Researchers at Facebook Reality Labs today published new work showcasing a prototype headset which has external displays to depict the user’s eyes to others outside of the headset. The goal is to allow eye-contact between the headset wearer and others in an effort to make it less awkward while wearing a headset and communicating with someone in the same room.

One of my favorite things to do when demoing an Oculus Quest to someone for the first time is to put on the headset, activate its ‘passthrough view’ (which lets me see the world outside of the headset), and then walk up and shake their hand to clearly reveal that I can see them. Because Quest’s cameras are at the four corners of the visor, it’s not easy to imagine that there would be any way for the user to see ‘through’ the headset, so the result from the outside seems a bit magical. Aftward I put the headset on the person and let them see what I could see from inside!

But this fun little demo reveals a problem too. Even though it’s easy for the person in the headset to see people outside of the headset, it isn’t clear to people outside of the headset when the person in the headset is actually looking at them (rather than looking at an entirely different virtual world.

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Eye-contact is clearly a huge factor in face-to-face communication; it helps us gauge if someone is paying attention to the conversation, how they’re feeling about it, and even if they have something to say, want to change the topic, or leave the conversation entirely. Trying to talk to someone whose eyes you can’t see is uncomfortable and awkward, specifically because it robs us of our ingrained ability to detect this kind of intent.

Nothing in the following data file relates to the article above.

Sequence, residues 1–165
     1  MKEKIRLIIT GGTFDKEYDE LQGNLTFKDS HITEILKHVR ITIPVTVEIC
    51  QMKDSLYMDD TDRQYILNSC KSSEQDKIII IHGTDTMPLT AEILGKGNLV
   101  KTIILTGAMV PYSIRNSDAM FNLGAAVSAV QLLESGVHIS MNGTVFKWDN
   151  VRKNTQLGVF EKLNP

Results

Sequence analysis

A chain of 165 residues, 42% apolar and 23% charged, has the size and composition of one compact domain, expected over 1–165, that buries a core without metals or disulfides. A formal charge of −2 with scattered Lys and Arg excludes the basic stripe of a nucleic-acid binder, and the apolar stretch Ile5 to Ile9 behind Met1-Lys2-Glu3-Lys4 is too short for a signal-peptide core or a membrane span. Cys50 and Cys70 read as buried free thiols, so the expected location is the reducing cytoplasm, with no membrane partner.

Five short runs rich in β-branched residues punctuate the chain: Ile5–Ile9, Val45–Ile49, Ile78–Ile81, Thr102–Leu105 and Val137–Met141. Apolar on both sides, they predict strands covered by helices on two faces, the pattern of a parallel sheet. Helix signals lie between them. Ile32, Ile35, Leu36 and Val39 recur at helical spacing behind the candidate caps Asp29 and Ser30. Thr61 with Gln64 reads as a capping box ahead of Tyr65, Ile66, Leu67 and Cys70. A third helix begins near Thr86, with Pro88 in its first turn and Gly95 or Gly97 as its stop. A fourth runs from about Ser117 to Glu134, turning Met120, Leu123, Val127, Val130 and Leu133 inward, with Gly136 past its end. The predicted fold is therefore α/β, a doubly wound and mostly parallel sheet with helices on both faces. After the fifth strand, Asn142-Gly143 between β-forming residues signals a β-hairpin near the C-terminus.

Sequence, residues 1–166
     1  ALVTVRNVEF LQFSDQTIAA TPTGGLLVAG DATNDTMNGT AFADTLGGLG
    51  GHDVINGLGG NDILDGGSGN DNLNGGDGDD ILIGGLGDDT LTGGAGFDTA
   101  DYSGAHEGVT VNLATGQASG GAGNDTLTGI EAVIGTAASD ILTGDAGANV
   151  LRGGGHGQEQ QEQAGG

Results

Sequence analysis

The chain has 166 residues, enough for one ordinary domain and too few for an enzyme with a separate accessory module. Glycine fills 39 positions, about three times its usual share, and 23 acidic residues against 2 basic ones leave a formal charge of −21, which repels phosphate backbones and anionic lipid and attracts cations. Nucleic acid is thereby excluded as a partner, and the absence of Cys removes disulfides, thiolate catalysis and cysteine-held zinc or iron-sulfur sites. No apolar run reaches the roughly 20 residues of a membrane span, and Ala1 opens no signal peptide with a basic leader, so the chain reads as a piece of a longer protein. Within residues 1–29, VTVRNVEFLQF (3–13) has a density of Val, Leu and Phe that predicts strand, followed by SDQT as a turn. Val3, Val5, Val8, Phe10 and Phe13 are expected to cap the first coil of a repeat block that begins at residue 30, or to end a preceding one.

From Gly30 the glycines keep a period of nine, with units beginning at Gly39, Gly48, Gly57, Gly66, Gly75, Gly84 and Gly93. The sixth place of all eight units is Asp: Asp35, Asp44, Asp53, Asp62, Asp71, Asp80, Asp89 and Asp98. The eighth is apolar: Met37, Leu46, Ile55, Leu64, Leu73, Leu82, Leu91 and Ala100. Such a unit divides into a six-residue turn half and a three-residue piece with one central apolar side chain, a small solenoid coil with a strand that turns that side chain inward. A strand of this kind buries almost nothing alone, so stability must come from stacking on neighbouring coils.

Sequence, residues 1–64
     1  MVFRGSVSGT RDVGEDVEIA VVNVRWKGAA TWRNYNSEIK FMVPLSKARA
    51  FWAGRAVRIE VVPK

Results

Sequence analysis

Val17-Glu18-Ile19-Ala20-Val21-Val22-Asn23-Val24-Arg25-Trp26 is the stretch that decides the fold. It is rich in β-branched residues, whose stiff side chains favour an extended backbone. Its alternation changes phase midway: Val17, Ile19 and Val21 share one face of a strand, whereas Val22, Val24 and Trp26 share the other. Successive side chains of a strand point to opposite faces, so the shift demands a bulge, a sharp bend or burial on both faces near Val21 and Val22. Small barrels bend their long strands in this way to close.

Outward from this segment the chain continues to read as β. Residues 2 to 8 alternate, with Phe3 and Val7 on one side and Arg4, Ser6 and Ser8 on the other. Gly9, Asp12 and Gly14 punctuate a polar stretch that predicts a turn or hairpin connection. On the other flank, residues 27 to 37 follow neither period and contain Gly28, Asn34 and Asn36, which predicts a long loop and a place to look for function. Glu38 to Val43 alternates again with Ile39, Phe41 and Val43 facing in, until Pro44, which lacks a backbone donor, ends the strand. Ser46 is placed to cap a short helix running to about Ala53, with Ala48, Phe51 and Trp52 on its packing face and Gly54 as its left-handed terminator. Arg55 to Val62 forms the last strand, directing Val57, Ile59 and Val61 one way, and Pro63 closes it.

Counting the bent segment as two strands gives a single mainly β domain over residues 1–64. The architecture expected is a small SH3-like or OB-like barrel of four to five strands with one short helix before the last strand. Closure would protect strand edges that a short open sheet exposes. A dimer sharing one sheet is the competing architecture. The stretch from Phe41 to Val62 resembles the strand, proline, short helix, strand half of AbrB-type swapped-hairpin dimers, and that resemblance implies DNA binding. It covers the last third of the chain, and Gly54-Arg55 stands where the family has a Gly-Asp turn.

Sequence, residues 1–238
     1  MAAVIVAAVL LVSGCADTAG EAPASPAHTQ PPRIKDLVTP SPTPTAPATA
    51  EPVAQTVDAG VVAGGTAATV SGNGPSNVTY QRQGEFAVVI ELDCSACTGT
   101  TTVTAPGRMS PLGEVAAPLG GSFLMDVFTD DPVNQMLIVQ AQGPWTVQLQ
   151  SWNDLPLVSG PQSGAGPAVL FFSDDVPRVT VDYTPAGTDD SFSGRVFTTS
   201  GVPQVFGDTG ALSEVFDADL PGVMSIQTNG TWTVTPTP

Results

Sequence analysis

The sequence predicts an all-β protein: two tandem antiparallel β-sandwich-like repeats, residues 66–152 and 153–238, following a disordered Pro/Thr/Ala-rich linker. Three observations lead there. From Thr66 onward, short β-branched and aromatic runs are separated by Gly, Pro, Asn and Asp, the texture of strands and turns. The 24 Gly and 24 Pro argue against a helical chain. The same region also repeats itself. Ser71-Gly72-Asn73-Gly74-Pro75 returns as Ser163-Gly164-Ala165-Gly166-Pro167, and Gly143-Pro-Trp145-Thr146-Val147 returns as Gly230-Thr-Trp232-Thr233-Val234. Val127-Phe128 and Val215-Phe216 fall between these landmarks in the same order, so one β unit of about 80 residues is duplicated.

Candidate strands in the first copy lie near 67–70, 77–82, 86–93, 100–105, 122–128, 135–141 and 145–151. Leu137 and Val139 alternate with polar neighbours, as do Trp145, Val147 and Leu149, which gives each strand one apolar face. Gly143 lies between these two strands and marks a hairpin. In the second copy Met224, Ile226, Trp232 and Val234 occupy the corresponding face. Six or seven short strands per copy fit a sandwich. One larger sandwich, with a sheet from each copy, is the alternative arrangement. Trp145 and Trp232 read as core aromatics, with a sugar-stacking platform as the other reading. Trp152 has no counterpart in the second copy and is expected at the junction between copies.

But as VR headsets become thinner and more comfortable—and it becomes easier to use passthrough to have a conversation with someone nearby than taking the headset off entirely—this will become a growing issue.

Researchers at Facebook Reality Labs have come up with a high-tech fix to the problem. Making use of light-field displays mounted on the outside of a VR headset, the so called ‘reverse passthrough’ prototype system aims to show a representation of the user’s eyes that’s both depth and direction accurate.

Image courtesy Facebook Reality Lab

In a paper published this week for SIGGRAPH 2021, Facebook Reality Labs researchers Nathan Matsuda, Joel Hegland, and Douglas Lanman, detailed the system. While to external observers it appears that the headset is very thick but transparent enough to see their eyes, the apparent depth is an illusion created by a light-field display on the outside of the headset.

If it was instead a typical display, the user’s eyes would appear to float far away from their face, making for perhaps a more uncomfortable image than not being able to see them at all! Below researcher Nathan Matsuda shows the system without any eyes (left), with eyes but no depth (middle), and with eyes and depth (right).

The light-field display (in this case a display which uses a microlens array), allows multiple observers to see the correct depth cues no matter which angle they’re standing at.

What the observers see isn’t a real image of the user’s eyes however. Instead, eye-tracking data is applied to a 3D model of the user’s face, which means this technique would be limited by how realistic the model is and how easy it is to acquire for each individual.

Of course, Facebook has been doing some really impressive work on that front too with their Codec Avatars project. The researchers mocked up an example of a Codec Avatar being used for the reverse passthrough function (above), which looks even better, but resolution is clearly still a limiting factor—something the researchers believe will be overcome in due time.

Facebook Reality Labs Chief Scientist, Michael Abrash admits he didn’t think there was much merit to the idea of reverse passthrough until the researchers further proved out the concept.

“My first reaction was that it was kind of a goofy idea, a novelty at best,” Abrash said in a post about the work. “But I don’t tell researchers what to do, because you don’t get innovation without freedom to try new things, and that’s a good thing, because now it’s clearly a unique idea with genuine promise.”